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Blood. 2010 Sep 2;116(9):1570-3. doi: 10.1182/blood-2010-01-264218. Epub 2010 May 21.

Inflammasome activation in NADPH oxidase defective mononuclear phagocytes from patients with chronic granulomatous disease.

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  • 1Department of Cellular Microbiology, Max Planck Institute for Infection Biology, Berlin, Germany.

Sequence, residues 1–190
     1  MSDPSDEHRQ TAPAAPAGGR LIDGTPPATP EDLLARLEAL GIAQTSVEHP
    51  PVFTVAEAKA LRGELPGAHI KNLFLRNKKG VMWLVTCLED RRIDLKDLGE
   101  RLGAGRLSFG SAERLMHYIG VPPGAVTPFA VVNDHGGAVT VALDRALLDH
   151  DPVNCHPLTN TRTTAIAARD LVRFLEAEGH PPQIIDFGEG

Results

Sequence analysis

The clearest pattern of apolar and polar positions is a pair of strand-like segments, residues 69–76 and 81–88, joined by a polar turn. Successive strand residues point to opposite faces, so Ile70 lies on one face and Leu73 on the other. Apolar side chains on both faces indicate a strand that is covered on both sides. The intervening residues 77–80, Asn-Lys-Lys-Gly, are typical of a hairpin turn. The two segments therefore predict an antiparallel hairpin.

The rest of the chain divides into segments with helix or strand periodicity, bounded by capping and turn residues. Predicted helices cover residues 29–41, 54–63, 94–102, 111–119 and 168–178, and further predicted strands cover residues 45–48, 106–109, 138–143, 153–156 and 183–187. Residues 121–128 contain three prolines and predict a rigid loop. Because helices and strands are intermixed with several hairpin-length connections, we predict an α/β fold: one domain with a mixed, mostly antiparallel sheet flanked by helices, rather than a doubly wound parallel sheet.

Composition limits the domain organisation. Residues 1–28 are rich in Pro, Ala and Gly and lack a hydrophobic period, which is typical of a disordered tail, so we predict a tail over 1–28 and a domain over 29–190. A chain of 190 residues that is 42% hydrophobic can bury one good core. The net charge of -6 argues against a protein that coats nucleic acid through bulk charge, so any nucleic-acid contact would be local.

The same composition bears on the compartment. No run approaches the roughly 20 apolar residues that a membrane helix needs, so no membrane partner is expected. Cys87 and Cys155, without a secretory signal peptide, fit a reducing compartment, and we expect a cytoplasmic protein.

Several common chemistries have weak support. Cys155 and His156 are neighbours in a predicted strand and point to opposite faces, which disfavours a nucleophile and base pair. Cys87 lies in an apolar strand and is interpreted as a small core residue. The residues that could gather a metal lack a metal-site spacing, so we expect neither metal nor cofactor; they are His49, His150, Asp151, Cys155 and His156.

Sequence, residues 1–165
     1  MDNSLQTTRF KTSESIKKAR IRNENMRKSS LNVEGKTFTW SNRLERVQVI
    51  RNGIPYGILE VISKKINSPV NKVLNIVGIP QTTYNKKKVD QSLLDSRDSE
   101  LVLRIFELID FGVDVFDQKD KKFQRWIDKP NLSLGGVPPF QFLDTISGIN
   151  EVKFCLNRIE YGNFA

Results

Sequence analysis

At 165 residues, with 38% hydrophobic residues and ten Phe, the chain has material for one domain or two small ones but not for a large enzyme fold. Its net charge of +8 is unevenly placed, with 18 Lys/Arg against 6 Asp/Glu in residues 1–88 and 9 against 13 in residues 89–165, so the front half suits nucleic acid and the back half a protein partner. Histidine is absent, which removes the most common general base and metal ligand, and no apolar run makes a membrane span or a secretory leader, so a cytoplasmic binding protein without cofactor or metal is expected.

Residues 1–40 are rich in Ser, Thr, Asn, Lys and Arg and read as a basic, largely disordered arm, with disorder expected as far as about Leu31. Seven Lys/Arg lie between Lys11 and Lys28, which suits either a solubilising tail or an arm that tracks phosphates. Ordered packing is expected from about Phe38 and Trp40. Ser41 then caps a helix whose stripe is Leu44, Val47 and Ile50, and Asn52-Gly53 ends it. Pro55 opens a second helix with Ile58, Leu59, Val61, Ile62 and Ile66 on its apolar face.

Chronic granulomatous disease (CGD) is an inherited disorder characterized by recurrent infections and deregulated inflammatory responses. CGD is caused by mutations in subunits of the NADPH oxidase, an enzyme that generates reactive oxygen species in phagocytes. To elucidate the contribution of the proinflammatory protease caspase-1 to aberrant inflammatory reactions in CGD, we analyzed cells isolated from patients with defects in the phagocyte oxidase subunits p22phox, p47phox or gp91phox. We report that mononuclear phagocytes from CGD patients activated caspase-1 and produced biologically active interleukin-1beta (IL-1beta) in response to danger signals. Notably, caspase-1 activation and IL-1beta secretion from CGD monocytes was elevated in asymptomatic patients and strongly increased in patients with noninfectious inflammatory conditions. Treatment with IL-1 receptor antagonist reduced IL-1 production in monocytes ex vivo and during medical therapy. Our results identify phagocyte oxidase defective monocytes as a source of elevated IL-1 and provide a potential therapeutic option to ameliorate inflammatory conditions associated with CGD.

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